Fruit and vegetable consumption has been heralded for its ability to decrease the overall risk of developing cancer and other diseases. Mounting evidence supports the beneficial nature of antioxidants, carotenoids, and other phytonutrients found in fruits and vegetables. One proposed mechanism of antioxidant protection is the shielding of cellular DNA from oxidative damage and therefore mutations. This may be especially helpful in older populations. We tested the concept that a daily regimen of supplementation with fruit and vegetable extracts (JuicePlus(TM)) would reduce the amount of DNA damage in the peripheral lymphocytes of the elderly. In a blind study, a group of twenty elderly volunteers (mean age= 68) were given supplements twice dally for 80 days with blood samples drawn before and after intervention. These samples were compared using the comet assay, a technique that quantifies DNA damage to individual nuclei. Each sample was tested in triplicate, and tail moment data was collected from over 200 comets per sample. Paired t-test analysis revealed a highly significant (p<0.0001) decrease in measured DNA damage between pre (13.24±2.77) and post (4.41±2.76) treatment tail moment. Screening of test subjects' personal data showed no apparent relationship between age, sex, or smoking. In this initial study, we conclude that a daily course of fruit and vegetable extract supplementation may reduce the level of DNA damage found in the peripheral lymphocytes of seniors.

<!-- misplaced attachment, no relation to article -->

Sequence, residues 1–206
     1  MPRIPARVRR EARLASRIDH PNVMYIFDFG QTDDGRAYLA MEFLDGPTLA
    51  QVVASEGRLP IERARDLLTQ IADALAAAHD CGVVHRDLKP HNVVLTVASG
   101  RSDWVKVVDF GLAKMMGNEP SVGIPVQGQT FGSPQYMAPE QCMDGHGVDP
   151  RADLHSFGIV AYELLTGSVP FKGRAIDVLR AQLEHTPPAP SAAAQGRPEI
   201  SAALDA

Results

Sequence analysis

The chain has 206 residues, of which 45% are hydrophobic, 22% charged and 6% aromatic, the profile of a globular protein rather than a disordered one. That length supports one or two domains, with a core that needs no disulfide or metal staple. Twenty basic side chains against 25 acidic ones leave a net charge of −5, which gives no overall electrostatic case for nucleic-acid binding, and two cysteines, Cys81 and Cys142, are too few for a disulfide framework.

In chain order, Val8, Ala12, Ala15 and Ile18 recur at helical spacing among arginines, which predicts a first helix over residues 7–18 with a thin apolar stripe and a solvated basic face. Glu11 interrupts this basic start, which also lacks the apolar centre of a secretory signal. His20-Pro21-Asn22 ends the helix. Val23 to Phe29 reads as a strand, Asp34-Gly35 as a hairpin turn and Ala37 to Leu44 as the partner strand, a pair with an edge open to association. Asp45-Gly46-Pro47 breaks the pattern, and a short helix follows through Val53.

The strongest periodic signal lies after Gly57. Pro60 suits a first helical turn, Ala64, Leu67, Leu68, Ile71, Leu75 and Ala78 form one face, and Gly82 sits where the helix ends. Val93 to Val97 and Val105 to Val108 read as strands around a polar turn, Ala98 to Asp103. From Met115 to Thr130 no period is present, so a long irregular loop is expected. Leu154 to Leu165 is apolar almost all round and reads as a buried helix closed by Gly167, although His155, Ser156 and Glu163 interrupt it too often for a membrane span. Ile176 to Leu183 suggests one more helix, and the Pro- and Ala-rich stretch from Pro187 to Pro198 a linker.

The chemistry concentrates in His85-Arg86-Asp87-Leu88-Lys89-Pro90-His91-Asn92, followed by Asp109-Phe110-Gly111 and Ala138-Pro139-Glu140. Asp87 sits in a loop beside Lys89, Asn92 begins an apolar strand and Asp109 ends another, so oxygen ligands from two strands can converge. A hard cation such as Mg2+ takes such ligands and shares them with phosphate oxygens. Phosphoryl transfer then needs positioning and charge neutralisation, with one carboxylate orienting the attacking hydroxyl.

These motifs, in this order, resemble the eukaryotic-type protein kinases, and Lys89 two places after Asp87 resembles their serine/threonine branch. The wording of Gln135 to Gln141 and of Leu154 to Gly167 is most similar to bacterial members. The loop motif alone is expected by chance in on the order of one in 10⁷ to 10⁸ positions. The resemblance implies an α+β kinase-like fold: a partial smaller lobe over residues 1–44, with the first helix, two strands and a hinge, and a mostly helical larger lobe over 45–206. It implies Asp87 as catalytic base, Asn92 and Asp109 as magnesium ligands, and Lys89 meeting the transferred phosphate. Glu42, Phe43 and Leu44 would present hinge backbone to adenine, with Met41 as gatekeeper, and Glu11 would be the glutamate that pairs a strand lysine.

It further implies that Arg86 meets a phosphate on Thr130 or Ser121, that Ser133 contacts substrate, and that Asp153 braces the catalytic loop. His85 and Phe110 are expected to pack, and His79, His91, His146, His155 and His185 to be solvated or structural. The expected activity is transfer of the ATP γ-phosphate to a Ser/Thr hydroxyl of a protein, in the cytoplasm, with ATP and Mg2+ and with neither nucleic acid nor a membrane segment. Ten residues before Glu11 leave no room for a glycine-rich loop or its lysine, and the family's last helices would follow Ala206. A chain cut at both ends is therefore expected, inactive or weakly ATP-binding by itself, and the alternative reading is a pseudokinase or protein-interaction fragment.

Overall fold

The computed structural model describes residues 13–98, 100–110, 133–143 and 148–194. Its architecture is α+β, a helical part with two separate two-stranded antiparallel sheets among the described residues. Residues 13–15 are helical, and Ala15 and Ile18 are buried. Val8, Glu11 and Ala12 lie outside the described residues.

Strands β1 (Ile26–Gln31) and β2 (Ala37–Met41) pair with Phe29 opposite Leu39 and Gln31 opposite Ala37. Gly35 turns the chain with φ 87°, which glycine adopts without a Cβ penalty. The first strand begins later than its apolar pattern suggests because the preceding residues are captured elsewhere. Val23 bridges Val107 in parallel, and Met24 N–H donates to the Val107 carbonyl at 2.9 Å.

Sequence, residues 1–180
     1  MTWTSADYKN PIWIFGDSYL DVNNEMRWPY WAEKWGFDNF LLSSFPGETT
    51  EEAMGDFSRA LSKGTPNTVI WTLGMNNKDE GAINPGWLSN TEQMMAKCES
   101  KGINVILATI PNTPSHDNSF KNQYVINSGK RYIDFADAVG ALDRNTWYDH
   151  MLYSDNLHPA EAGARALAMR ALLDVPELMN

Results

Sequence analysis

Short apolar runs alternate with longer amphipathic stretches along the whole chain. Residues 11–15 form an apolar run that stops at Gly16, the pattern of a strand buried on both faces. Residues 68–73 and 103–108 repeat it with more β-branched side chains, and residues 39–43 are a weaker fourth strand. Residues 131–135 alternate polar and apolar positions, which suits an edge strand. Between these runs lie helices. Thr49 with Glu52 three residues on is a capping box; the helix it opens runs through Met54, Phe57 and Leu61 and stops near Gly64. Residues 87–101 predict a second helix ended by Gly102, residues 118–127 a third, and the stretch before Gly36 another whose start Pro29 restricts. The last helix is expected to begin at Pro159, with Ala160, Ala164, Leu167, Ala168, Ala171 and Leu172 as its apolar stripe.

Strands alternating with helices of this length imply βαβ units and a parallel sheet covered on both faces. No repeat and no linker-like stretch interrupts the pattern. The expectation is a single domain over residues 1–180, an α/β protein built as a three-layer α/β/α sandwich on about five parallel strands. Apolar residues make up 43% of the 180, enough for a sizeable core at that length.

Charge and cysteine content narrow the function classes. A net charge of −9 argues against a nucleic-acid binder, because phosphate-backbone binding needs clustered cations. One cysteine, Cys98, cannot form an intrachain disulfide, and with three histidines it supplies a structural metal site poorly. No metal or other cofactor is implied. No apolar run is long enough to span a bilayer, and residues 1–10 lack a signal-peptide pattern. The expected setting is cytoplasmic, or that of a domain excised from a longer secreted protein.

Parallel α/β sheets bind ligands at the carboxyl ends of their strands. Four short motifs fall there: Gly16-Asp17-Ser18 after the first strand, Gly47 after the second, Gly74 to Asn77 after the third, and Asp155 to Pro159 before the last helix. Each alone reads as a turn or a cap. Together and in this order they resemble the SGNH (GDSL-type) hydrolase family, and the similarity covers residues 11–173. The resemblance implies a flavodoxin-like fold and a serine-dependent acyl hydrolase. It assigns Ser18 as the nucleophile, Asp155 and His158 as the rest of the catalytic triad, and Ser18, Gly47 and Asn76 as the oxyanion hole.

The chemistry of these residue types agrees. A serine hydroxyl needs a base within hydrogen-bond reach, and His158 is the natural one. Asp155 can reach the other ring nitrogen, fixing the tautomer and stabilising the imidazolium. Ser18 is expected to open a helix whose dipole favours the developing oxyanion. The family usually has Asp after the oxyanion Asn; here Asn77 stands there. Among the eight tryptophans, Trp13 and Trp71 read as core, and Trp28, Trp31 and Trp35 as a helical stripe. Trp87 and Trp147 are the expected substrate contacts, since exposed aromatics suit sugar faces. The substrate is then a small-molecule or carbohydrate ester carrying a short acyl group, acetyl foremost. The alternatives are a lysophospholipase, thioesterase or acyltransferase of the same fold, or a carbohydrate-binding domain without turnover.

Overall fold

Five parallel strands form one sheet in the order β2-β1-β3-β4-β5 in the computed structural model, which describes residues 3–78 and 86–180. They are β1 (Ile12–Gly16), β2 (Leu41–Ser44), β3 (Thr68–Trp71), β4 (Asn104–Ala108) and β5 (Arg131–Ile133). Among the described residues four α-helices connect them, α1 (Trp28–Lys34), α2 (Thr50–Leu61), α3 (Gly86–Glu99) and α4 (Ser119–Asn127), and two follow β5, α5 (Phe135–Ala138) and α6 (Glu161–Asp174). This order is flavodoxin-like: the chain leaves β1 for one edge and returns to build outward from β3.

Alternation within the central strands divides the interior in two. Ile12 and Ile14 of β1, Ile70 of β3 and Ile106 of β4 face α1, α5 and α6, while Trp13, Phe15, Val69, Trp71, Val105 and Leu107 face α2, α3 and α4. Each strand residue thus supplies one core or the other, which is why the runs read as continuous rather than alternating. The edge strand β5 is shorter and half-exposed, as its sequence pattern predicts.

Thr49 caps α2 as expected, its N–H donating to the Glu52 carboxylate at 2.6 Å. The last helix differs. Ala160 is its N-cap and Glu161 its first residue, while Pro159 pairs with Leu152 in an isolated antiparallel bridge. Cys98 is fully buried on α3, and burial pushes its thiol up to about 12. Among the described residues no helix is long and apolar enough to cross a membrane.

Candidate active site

- Comet assay
ASJC Scopus subject areas
- Endocrinology, Diabetes and Metabolism
- Nutrition and Dietetics